For some reason I was only mildly concerned about the risk of capsizing.

I noticed a white motor boat crossing our path, steered by a serious-looking man smoking a pipe. I asked was that the rescue boat? The answer was yes. Ray was giving me tips on steering the boat, how we should release the sheets should there be a sudden gust of wind. We did a few changes of direction, quite adeptly, I thought. That board did seem to find its way to the upright position by itself a couple of times, which I was told would have a disastrous effect on the boat's stability. I asked what would happen if the water came over the side. I don't remember Ray's answer, but I soon had the answer. Over we went.

I hung on to the side of the capsized boat. Ray didn't say much, but I realised that he was out of sight around to other side. "Should I let go?", I asked. "Yes", said Ray calling me to add my weight to his onto that board. It was at this moment, I recognised the value of a life jacket. The water wasn't too cold, and floating without effort was really quite pleasant. The rescue boat would be here soon... wouldn't it, Ray?".

Ray told me he had righted it himself once already, as he climbed aboard the hull, kneeling on the board. I hung underneath leaning back to add to the leverage. The board kept shifting sideways, determined to tuck itself away, and I became concerned that it might break under the strain. We didn't budge, and Ray concluded that the mast was probably impaled in the mud at the bottom of the reservoir.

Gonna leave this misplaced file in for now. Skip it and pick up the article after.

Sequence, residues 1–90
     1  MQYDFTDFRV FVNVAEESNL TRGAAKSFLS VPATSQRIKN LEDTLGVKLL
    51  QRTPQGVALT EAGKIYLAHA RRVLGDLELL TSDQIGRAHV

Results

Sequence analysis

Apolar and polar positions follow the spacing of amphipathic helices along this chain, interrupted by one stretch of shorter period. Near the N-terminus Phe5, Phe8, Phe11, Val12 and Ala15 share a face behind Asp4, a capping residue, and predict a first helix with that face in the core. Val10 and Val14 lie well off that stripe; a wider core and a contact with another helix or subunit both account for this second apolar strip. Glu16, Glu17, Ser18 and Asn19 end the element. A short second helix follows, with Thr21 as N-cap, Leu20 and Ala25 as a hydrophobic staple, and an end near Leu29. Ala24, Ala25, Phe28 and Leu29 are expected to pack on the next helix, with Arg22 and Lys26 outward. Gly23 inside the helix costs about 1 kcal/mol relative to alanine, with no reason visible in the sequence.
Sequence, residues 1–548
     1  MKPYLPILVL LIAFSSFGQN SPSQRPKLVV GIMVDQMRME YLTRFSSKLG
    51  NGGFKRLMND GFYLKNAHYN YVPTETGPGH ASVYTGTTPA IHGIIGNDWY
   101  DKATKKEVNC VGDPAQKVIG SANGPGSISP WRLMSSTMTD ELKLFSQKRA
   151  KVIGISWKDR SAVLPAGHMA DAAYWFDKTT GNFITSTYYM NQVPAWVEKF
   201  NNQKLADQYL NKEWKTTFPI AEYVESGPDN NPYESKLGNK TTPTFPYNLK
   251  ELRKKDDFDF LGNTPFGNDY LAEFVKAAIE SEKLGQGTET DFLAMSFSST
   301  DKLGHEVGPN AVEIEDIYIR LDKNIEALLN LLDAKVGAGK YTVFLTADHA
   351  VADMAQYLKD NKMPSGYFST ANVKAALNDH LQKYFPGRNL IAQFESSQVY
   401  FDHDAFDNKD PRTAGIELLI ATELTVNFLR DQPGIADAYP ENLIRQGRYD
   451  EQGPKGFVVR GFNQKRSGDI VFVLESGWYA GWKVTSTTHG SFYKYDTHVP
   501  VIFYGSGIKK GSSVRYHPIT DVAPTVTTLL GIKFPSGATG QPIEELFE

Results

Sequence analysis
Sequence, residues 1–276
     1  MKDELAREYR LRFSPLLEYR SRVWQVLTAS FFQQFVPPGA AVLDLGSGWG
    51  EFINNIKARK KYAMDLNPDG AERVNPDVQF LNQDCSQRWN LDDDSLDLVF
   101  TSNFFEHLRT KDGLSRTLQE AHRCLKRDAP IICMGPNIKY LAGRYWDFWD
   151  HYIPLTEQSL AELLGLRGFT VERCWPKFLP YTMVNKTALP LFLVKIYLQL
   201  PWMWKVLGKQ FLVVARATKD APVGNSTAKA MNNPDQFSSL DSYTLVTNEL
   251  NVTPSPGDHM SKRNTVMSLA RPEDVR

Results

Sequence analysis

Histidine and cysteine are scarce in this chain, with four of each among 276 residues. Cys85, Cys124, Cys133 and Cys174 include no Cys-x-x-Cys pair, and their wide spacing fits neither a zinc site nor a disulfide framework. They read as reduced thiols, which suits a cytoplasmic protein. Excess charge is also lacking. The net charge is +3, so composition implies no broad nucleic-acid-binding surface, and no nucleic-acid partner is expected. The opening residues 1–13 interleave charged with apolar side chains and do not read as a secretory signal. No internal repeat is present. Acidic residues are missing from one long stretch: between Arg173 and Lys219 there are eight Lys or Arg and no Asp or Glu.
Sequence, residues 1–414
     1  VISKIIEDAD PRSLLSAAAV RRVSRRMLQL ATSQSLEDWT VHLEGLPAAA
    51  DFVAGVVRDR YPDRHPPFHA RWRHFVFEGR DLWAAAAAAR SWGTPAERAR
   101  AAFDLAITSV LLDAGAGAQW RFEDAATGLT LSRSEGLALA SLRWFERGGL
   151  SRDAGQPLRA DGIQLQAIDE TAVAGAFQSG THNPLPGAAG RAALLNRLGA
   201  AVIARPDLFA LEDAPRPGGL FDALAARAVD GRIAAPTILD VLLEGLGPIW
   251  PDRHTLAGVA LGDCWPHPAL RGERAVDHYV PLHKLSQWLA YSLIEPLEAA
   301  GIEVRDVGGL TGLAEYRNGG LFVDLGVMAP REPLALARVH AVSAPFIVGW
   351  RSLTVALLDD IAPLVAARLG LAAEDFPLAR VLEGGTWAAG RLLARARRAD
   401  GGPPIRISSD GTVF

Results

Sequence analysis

Where was that rescue boat? Ray thought they were seeing if we could right it ourselves. After a bit more rocking Ray reckoned the boat was shifting round. It did, and up she came, only to blow over again on top of me. To get back to the board, I had to duck under a rope, completing the dousing. A few moments later we were greeted by the rescue boat complete with stern-faced lady (cheerful when on skis) in grumpy sailor mode who proceeded to give Ray a ticking-off for sailing when the rescue boat was in. (Think back to my earlier observation about the rescue boat).

We climbed aboard and I suddenly realised the benefits of a wet suit. My wet clothes increased my weight by a tremendous amount. The boat was pulled behind us on its side and righted closer to shore. Ray and I were able to have a nice warm shower and put on dry clothes before the supper and barn dancing to follow.

Supper presented us with a vast range of pies, both sweet and savoury, with traditional British accompaniments such as pickled red cabbage and custard. I chose not to mix these. Going back for seconds proved to have been a mistake for me as the first barn dance left me with a stitch. You certainly need to be fit to keep up the pace. Brian Taylor made it easy to follow the moves for those of us who were novices at this traditional pastime.

Those horrible Mr. Hydes in sailing mode were back to being nice Dr Jeckyls in barn dancing mode. I put it down to the water. Everyone joined in and had a great time. Simple pleasures can be such fun.

Three days after my ducking, I have a new mobile phone which is better than my old, ruined one. It was free of charge (in terms of cost as well as electrically). My wallet and contents are now dry, though my driving licence is a bit crumpled, and my camera seems to be working, though I have yet to put a film through it.

I am looking forward to the treasure hunt which couldn't possibly catch me out ..... could it?